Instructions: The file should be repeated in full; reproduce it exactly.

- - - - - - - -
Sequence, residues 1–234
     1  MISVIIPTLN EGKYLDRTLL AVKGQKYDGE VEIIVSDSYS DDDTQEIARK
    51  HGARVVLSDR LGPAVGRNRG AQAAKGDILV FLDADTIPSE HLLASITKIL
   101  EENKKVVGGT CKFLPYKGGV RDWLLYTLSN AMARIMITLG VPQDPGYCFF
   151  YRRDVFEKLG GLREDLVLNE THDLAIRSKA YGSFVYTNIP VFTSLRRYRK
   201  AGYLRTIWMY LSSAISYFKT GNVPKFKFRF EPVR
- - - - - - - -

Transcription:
Sequence, residues 1–234
     1  MISVIIPTLN EGKYLDRTLL AVKGQKYDGE VEIIVSDSYS DDDTQEIARK
    51  HGARVVLSDR LGPAVGRNRG AQAAKGDILV FLDADTIPSE HLLASITKIL
   101  EENKKVVGGT CKFLPYKGGV RDWLLYTLSN AMARIMITLG VPQDPGYCFF
   151  YRRDVFEKLG GLREDLVLNE THDLAIRSKA YGSFVYTNIP VFTSLRRYRK
   201  AGYLRTIWMY LSSAISYFKT GNVPKFKFRF EPVR